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ANSI Transformer Standards for Lead Identification
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To eliminate confusion about how to connect transformers, the American National Standards Institute (ANSI) has established standards for marking the connections to transformer coils. The transformer coils are usually called windings, and the wires that connect to the windings are called the leads.

Transformer H and X lead identification

ANSI standards require that the leads connected to high-voltage windings be marked with an H and leads connected to the low-voltage windings be marked with an X. The standards do not refer to primary or secondary windings because either the H or the X windings can be the primary winding. If the transformer steps up the voltage, the primary winding (the winding to which voltage is applied) is the low-voltage, or X, winding. If the transformer steps down the voltage, the primary winding (the winding to which voltage is applied) is the high-voltage, or H, winding.

Transformer lead identification for transformers with one or more windings

The ends of the windings are given numbers to indicate the start and end of each winding. Thus, an H winding has two leads: H1 and H2. An X winding also has two leads: X1 and X2. If a transformer has more than one high- or low-voltage winding, the lead numbers of the second windings would be H3 and H4 as well as X3 and X4, respectively. Now since the turns ratio is equal to the voltage ratio, the H winding will always have more turns than the X winding because the H winding is always the high-voltage winding. A typical single-phase transformer is shown in Figure 1.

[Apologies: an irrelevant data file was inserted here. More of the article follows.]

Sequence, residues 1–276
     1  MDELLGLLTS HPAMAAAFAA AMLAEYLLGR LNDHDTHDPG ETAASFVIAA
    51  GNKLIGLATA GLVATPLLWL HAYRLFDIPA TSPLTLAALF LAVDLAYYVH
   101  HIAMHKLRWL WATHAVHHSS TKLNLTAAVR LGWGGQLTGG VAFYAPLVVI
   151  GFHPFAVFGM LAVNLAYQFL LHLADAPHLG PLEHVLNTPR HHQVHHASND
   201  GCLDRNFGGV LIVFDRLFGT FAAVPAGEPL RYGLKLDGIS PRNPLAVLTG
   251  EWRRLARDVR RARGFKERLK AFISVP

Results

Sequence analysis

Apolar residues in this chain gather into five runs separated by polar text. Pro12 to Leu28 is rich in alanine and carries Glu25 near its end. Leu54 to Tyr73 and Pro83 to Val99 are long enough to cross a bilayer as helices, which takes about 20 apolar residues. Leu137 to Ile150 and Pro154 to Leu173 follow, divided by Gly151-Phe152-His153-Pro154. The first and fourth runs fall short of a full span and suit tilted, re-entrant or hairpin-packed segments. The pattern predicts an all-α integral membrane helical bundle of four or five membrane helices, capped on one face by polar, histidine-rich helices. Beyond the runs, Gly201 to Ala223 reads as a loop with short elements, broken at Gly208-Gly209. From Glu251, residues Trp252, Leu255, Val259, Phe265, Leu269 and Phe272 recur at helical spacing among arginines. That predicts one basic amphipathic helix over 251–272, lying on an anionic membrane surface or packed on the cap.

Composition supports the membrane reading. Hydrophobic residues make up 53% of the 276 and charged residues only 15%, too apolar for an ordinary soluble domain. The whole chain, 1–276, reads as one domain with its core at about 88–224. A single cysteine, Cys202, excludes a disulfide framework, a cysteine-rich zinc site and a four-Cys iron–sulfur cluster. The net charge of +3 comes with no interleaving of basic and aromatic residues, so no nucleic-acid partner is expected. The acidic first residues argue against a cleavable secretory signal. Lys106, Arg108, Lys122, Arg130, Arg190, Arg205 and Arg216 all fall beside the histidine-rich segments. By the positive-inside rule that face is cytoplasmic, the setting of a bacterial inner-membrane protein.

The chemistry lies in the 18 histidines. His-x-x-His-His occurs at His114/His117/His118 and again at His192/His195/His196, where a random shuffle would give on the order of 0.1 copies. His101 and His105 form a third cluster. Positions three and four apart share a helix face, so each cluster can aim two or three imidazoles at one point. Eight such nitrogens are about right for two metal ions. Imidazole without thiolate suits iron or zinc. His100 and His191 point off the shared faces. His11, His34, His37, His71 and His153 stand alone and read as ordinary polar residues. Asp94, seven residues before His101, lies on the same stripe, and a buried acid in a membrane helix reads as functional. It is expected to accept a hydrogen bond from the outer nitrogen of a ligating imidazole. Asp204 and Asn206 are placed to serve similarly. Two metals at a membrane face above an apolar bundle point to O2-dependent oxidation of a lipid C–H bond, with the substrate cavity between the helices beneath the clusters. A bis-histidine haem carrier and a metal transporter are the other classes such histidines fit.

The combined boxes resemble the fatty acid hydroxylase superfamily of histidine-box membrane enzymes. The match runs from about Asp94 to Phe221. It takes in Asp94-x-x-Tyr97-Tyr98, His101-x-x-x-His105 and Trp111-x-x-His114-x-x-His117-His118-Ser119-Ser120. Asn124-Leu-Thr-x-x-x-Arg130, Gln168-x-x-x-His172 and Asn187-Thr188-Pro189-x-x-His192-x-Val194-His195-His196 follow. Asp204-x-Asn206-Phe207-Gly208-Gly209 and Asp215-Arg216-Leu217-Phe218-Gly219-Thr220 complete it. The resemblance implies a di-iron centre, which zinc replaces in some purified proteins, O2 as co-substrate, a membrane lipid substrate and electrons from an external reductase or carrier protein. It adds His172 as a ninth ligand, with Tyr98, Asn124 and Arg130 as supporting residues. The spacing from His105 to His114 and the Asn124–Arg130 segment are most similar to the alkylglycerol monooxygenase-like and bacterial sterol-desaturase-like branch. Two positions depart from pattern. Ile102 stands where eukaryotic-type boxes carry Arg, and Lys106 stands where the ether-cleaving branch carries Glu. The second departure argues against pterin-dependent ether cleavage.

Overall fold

Figure 1. A single-phase transformer showing how winding leads are brought out to allow for connection to supply and load:

Transformer lead polarity and lead identification numbers

The ANSI standards also determine which end of each winding should be labeled as a 1 or a 2. If we think about the direction of current flow through the winding, we could consider one end of each winding the start and the other end the finish. Current will flow from the start of the winding to the finish, which means that the start of each winding has a definite polarity. Because transformers are only used with AC voltages, the direction of current through the coil is constantly changing; at any point in time, however, one side of the winding will have a positive polarity, whereas the other side of the winding will have a negative polarity. ANSI standards require that each winding lead that is marked with an even number should have the same polarity at any instant in time as any other winding lead marked with an even number. If a winding lead is marked with an H2 and it is positive at some point in time, then any winding lead marked with a 4 will also be positive at that same point in time because it also has an even number. Figure 2 shows the instantaneous polarities of a transformer and the resulting lead identification.

Figure 2. Transformer windings labeled according to ANSI standards, with the same polarity leads having the same even or odd numbers: